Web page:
For Western blotting, mouse monoclonal antibody to lipocalin 2 (NGAL) was obtained from Abeam, Inc., (Cambridge, Mass.). The 24p3R(NGAL receptor) affinity purified antibody, positive (HEK 293 cell lysate) and negative (T47D cell lysate) controls were kindly provided by Dr. Michael Green (University of Massachusetts Medical School). GAPDH (#2118), Cleaved caspase 3 (#9664), m-actin (#4967) and anti-rabbit horseradish peroxidase (HRP) linked secondary antibodies (#7074) were purchased from Cell Signaling Technology (Beverly, Mass.). Secondary Anti-mouse HRP antibody was purchased from Santa Cruz Biotechnology Inc. (Santa Cruz, Calif.).

SEB-1 sebocytes (passages 22-28) were in standard culture medium until 50-75% confluent. Treatments of 13-cis RA (0.1 nM, 1 nM, 10 nM, 0.1 μM, or 1 μM,) or ethanol vehicle (0.01% or less) were applied for 48 or 72 hours. In parallel studies, identical concentrations of all-trans retinoic acid (ATRA) were applied for 72 hours. In all experiments, each plate was considered an independent sample and total protein was collected. Blots were incubated with appropriate primary and secondary antibodies followed by densitometry. Each experiment was repeated a minimum of 3 independent times. Data was analyzed using a paired 1-test and results were considered significant if p<0.05.

As shown in FIG. 4A, expression of LCN2 mRNA was detected after 48 hours of 13-cis RA treatment. 13-cis RA concentrations of 1 nM and greater significantly increased LCN2 mRNA levels to approximately 6-fold with micromolar concentrations when compared to control.

Protein expression was verified by western blot at 72 hours of retinoid treatment. Blots were incubated with primary antibody to NGAL as well as β-actin as a loading control. Blots were analyzed by densitometry and normalized to β-actin. The graph represents normalized fold-change values (mean±SEM) relative to control for a minimum of 3 independent blots. Statistical analysis was performed with paired t-test, *p<0.05. As shown in FIG. 4B, after 72 hours of treatment with concentrations ranging from 0.1 nM to 1 μM 13-cis RA, NGAL protein expression increased in a dose-dependent manner to a maximum of approximately 10-fold with micromolar concentrations in SEB-1 sebocytes when compared to control (p<0.05).

The first 1000 base pairs of the LCN2 promoter were scanned for retinoic acid response elements (RAREs) using the predefined consensus sequences within the Transfac database through the Transcription Element Search System (TESS) and reveals the presence of both RAR and RXR binding sites. Prior studies suggest that 13-cis RA acts as a reservoir of ATRA and that after isomerization to ATRA, acts via binding nuclear retinoic acid receptors (12). Although, in other studies, retinoid receptor-independent modulation of signaling pathways by ATRA, such as binding to PKC, have also been reported (13, 14).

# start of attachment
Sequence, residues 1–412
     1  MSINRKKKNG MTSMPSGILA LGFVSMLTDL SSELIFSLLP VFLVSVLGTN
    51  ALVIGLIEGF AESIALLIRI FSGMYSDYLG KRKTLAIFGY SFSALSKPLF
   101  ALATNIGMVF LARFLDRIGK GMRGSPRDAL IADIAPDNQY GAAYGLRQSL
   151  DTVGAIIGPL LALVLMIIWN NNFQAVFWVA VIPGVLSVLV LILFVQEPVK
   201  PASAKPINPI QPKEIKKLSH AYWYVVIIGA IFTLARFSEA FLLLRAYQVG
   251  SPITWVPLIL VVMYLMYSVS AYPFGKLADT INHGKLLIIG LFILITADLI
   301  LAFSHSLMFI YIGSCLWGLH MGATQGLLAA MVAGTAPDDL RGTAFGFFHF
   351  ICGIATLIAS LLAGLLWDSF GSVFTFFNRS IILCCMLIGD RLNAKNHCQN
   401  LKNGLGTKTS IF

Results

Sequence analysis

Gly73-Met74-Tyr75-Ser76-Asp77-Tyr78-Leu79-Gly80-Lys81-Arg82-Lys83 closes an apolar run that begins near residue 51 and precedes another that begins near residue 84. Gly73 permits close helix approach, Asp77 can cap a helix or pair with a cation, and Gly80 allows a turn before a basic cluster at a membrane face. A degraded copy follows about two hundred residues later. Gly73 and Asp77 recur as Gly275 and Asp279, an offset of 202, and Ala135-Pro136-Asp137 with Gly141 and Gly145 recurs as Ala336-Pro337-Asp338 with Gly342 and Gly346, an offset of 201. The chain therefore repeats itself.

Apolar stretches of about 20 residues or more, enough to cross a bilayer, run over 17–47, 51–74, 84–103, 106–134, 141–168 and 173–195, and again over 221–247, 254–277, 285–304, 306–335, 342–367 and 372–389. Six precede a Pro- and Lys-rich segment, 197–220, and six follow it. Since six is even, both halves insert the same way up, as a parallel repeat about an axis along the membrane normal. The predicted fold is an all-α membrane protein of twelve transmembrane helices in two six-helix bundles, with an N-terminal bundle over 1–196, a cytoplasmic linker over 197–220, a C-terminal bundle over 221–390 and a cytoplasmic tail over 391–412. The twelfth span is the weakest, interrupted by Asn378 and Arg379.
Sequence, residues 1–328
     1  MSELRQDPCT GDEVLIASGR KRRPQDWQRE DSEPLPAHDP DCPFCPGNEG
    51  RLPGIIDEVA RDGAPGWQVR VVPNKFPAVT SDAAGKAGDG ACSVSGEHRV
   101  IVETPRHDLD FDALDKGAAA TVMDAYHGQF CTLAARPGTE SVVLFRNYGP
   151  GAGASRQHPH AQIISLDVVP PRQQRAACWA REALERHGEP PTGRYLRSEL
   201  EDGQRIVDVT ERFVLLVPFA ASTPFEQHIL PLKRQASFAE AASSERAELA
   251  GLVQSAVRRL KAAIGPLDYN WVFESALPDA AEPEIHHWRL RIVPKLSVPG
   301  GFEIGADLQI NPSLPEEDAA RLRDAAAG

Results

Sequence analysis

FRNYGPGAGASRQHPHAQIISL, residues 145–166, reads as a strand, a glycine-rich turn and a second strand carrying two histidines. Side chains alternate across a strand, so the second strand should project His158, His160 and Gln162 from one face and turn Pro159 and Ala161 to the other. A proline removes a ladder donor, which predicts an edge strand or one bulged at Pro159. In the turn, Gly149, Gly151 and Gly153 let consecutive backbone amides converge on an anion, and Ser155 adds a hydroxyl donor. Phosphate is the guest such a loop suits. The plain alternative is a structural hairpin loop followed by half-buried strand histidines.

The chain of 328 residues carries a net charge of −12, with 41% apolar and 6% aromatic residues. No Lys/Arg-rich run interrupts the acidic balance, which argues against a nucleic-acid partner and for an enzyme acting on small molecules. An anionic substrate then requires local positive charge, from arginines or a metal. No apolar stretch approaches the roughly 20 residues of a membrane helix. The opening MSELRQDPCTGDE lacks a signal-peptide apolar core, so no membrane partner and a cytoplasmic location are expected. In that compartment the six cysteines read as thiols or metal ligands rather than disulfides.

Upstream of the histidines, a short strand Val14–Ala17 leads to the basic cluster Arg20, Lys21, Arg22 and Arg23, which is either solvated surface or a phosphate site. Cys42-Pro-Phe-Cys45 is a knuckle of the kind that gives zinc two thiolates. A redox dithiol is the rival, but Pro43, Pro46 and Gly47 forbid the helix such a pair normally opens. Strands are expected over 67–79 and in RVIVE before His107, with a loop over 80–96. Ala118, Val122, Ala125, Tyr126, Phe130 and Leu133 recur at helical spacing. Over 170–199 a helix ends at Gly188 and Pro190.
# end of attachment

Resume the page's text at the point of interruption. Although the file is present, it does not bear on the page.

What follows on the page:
To address this issue, SEB-1 sebocytes were treated with increasing concentrations of ATRA in parallel studies and examined for expression of LCN2 mRNA and NGAL protein. QPCR and immunoblotting show that NGAL expression also increased in a dose-dependent manner with ATRA when compared to control. The level of NGAL expression induced by ATRA is less than that with 13-cis RA (7-fold vs. 10-fold) but the difference between ATRA and 13-cis RA was not significant, see FIGS. 4A and 4B.

Example 9

Recombinant NGAL Protein Induces Apoptosis in SEB-1 Sebocytes

SEB-1 sebocytes were treated with increasing concentrations of purified recombinant human NGAL (rhNGAL) protein and a TUNEL assay was performed.

For the TUNEL assay, SEB-1 sebocytes (passage 22-28) were cultured in 12-well plates in standard medium until approximately 30-40% confluent. Wells were rinsed with phosphate buffered saline (PBS) and treated in duplicate with vehicle control, 1 pg/mL, 10 pg/mL, 100 pg/mL, 1 ng/mL, or 10 ng/mL of recombinant human NGAL (R&D Systems, Minneapolis, Minn.) or human actin (negative control; Cytoskeleton, Denver, Colo.) protein for 24 hours. In all experiments, each well was considered one sample Samples were prepared by manufacturer's instructions for In Situ Cell Death Detection Kit, Fluorescein (Roche Diagnostics, Indianapolis. IN. DNase I treatment of positive and negative controls (without terminal transferase) were included as assay controls according to manufacturer's instructions. Results were analyzed and quantified by counting positive stained cells per total number of cells in 3 representative fields per well for each of the treatments done in duplicate. Four independent rhNGAL experiments were performed whereas treatment with actin was performed once. Statistical analyses were performed between control and each treatment concentration using ANOVA Two Factor with Replication and considered significant if p<0.05.